- Social isolation: Widowed women are especially at risk for social isolation, since the proportion of older women who are widowed and living alone has risen over the past century. While the trend is attributed to no single factor, it has been suggested it may be affected by age and the degree to which her family (“kin”) is available.
Loneliness is defined as “an unwelcome feeling of loss of companionship, or feeling that one is alone and not liking it” (Forbes, 1996, cited in MacCourt, 2004*). As this definition makes clear, the experience of loneliness is subjective: circumstances that cause loneliness for one person may be experienced as welcome solitude by another. Nonetheless, loneliness in later life affects about 10 per cent of older adults, and is closely related to depression and an ensuing risk of suicide.
Loneliness increases gradually with age, is more common in women and is highly correlated with physical health, although causality is not clear. Other risk factors include low economic status and a lack of security and social networks.
The absence of supportive friendships appears to be a major determining factor for loneliness. Further, widowed men and women report higher levels of loneliness and depression than their married counterparts. However, in older adults who are married vs. those who are single, and among those who have children vs. those who are childless, perceptions of well-being are reported as similar.
Reducing loneliness may be addressed by improving older people’s functional status and socialization, although it is thought that research into coping strategies used by older people who do not experience loneliness may offer further insight into other solutions.
It is widely believed that depression is common in older adults, but in fact prevalence rates vary widely. Mild depression and situational depression (i.e., depression in response to physical or social losses) are more frequent than major depression. Depression is more frequent in older women and people over 85.
Depression in older adults may manifest differently than in younger people, requiring different approaches to identification and treatment. For example, signs and symptoms are often physical rather than emotional, and may include changes in sleep patterns, decline in appetite, weight loss, constipation and minor aches and pains.
Depression in older adults is associated with increased morbidity and mortality, and so is important to notice and address. This requires care, because symptoms of depression in older people may overlap with the symptoms of other conditions or may be seen as a normal part of aging, resulting in the depression’s being overlooked.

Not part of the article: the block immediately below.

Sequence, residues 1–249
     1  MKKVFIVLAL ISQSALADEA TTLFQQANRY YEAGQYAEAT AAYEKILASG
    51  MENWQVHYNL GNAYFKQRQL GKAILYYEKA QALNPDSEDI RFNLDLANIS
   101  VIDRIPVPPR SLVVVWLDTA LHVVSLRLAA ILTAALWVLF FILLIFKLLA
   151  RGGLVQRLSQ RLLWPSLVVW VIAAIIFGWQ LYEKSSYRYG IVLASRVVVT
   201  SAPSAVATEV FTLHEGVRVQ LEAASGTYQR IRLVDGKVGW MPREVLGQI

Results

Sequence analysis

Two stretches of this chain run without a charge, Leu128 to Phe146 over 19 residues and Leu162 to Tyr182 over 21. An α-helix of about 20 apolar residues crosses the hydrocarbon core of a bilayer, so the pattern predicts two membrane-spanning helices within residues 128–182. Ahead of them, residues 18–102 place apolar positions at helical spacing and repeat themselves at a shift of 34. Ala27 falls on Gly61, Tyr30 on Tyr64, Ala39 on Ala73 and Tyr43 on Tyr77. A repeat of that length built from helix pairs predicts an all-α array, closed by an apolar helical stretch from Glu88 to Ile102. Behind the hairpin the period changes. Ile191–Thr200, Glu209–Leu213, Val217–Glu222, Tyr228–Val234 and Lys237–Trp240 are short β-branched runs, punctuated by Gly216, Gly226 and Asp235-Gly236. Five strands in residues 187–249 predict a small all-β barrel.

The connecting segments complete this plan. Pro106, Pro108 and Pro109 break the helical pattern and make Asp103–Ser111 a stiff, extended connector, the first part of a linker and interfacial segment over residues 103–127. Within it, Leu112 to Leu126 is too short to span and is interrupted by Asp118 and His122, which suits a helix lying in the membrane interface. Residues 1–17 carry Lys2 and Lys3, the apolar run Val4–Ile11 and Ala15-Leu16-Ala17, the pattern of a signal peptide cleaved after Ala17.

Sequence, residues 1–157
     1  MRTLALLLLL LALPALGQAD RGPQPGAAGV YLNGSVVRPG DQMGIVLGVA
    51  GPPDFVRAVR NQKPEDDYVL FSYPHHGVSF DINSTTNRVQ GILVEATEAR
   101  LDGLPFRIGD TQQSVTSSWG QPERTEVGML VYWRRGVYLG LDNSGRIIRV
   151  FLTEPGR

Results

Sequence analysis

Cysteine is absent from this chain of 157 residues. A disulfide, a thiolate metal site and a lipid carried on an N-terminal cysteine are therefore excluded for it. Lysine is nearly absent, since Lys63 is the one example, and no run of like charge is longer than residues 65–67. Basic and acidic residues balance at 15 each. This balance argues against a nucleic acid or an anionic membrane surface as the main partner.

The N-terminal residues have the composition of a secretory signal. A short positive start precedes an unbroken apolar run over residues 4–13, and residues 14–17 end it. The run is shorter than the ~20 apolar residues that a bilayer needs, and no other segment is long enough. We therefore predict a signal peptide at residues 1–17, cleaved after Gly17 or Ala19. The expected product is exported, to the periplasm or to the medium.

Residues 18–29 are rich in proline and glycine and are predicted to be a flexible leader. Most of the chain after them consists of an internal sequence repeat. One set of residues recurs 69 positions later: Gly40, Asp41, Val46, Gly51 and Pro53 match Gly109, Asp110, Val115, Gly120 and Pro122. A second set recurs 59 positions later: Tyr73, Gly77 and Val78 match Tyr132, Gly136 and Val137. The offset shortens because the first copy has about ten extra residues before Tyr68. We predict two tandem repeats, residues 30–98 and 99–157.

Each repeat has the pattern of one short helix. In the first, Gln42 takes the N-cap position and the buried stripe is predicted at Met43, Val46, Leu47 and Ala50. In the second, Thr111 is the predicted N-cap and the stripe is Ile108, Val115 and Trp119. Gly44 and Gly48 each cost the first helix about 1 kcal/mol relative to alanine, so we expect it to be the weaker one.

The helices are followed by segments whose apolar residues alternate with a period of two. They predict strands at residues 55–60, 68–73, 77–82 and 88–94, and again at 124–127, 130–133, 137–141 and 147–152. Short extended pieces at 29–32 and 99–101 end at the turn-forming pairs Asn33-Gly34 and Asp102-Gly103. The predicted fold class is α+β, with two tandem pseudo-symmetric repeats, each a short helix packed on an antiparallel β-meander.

Risk of suicide
Older adults over 65 have a higher rate of suicide than other groups, with men at higher risk than women. Other risk factors include depression, anxiety, physical illness, history of stroke, and being widowed and living alone. Uncertainty and fear about the ability to influence one’s own dying and a “weariness of life” may also be risk factors.
While older people are less likely than younger people to indicate suicidal intentions, 50 per cent of suicide attempts by people over 65 are successful (compared to 13 per cent of attempts by people under 50 years).
Sexual orientation and gender identity1
Sexual orientation and gender identity are central aspects of who a person is throughout his or her life, including in old age. When people feel they must keep this aspect of their identity hidden, it prevents them from living and expressing themselves fully. This can have a negative effect on their mental health.
People who are lesbian, gay, bisexual, transsexual, transgender, two-spirit, intersex or queer (LGBTTTIQ) face discrimination from people they know, from strangers and from health care and social service providers. While rates of substance use and mental health problems are high in this community, many people do not access care because of fear of discrimination and stigma. LGBTTTIQ people may have developed alternative family structures of support, which may not be recognized or welcomed by mainstream services. Many of the present generation of older people who are LGBTTTIQ may have hidden lives or go “back into the closet” to avoid facing the discrimination of service providers.
1. This section is adapted from: CAMH Healthy Aging Project. (2008). Improving Our Response to Older Adults with Substance Use, Mental Health and Gambling Problems: A Guide for Supervisors, Managers, and Clinical Staff. Toronto: Centre for Addiction and Mental Health.
In Best practice guidelines for mental health promotion programs: Older Adults 55+